16

You could do this: GatherBy[list, Last][[All, 1]] ~SortBy~ Last (* {{d, 3}, {b, 3.04}, {a, 3.1}} *)

16

According to The Chicago Manual of Style, para. 18.57/18.58, punctation marks are ignored. 18.57 The letter-by-letter system. In the letter-by-letter system, alphabetizing continues up to the first parenthesis or comma; it then starts again after the punctuation point. Word spaces and all other punctuation marks are ignored. Both open and ...

16

No, Ordering[Ordering[list]] not optimal. And yes, there is a faster method: list = RandomReal[{-1, 1}, 1000000]; First@RepeatedTiming[ a[[Ordering[list]]] = a = Range[Length[list]]; ] First@RepeatedTiming[ b = Ordering[Ordering[list]] ] a == b 0.13 0.236 True Edit J.M.'s second suggestion is more concise and at least as fast if not slightly ...

15

Rather than it being "too big" for the pattern matcher, the problem here is because of the use of //. which applies the rule repeatedly till the result no longer changes (i.e. the list is sorted). In other words, the issue is that of the complexity of the algorithm you're using (//. with ___) rather than the programming paradigm that you've chosen (pattern ...

15

Ordering @ Ordering @ data {3,1,2} Also: StatisticsLibraryGetDataRankings[data] Nest[Ordering, data, 2] Composition[Ordering, Ordering][data] all give {3,1,2}

15

One way to solve the case provided is to apply a DistanceFunction to FindShortestTour. Here, I apply a stiff penalty to the next point that does not share an X or Y value with the current point. pts = {{1, 0}, {2, 0}, {2, 3}, {3, 3}, {3, 4}, {0, 4}, {0, 3}, {1, 3}, {1, 0}}; (*randomize points*) pts = (#[[RandomSample[Range[Length@#], Length@#]]]) &[...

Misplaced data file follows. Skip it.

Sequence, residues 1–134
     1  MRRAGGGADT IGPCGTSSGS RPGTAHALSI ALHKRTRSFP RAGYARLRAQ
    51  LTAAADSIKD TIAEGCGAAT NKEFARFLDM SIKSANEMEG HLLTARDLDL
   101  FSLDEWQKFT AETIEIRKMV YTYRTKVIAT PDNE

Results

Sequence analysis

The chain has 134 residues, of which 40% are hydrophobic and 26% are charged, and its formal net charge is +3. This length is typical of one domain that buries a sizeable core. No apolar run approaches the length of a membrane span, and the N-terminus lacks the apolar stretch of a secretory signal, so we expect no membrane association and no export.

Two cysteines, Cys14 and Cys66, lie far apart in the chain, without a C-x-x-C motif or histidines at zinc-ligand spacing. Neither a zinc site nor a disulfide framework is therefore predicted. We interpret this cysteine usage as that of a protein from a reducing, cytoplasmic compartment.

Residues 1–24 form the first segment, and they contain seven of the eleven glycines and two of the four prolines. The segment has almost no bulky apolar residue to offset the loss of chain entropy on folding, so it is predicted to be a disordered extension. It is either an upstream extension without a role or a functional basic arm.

14

SeedRandom; haystack = RandomReal[1, 6300]; AbsoluteTiming[ f = Nearest[haystack -> Range@Length@haystack]; {f[.3, 1], haystack[[f[.3, 1]]]}] (* -> {0.015625, {{3123}, {0.300033}}} *) Of course in this case most of the time is expended calculating the nearest function. If your points aren't changing from one use to the next, the time for ...

14

You can use ReplaceList with a helper function which has the Orderless attribute: ClearAll[f]; SetAttributes[f, Orderless]; ReplaceList[f[a, b, c], f[a___, b___, c___] :> {{a}, {b}, {c}}] // DeleteCases[#, {}, -1] & // Union // Column The DeleteCases and Union are required because the output from ReplaceList includes the empty list {} as a ...

14

Here's another way you might approach this kind of thing -- instead of assigning values to the variables using =, you can make them into rules. For example, here is a collection of "variable names" and values for those variables, and a rule to make the assignment explicit: vars = {a, b, c, d, e}; vals = {5, 4, 3, 2, 1.1}; Thread[Rule[vars, vals]] {a -> ...

14

SortBy[l, {First@#, -ToCharacterCode@Last@#} &] (*{{1, "u"}, {1, "d"}, {2, "u"}, {2, "d"}, {3, "u"}, {3, "d"}, {4, "u"}, {4, "d"}, {5, "u"}, {5, "d"}, {6, "u"}, {6, "d"}}*) Or the same, but slightly shorter code SortBy[l, {#, -ToCharacterCode@#2} &@@#&] Edit The following uses the same sorting strategy but is much faster (by using this): ...

14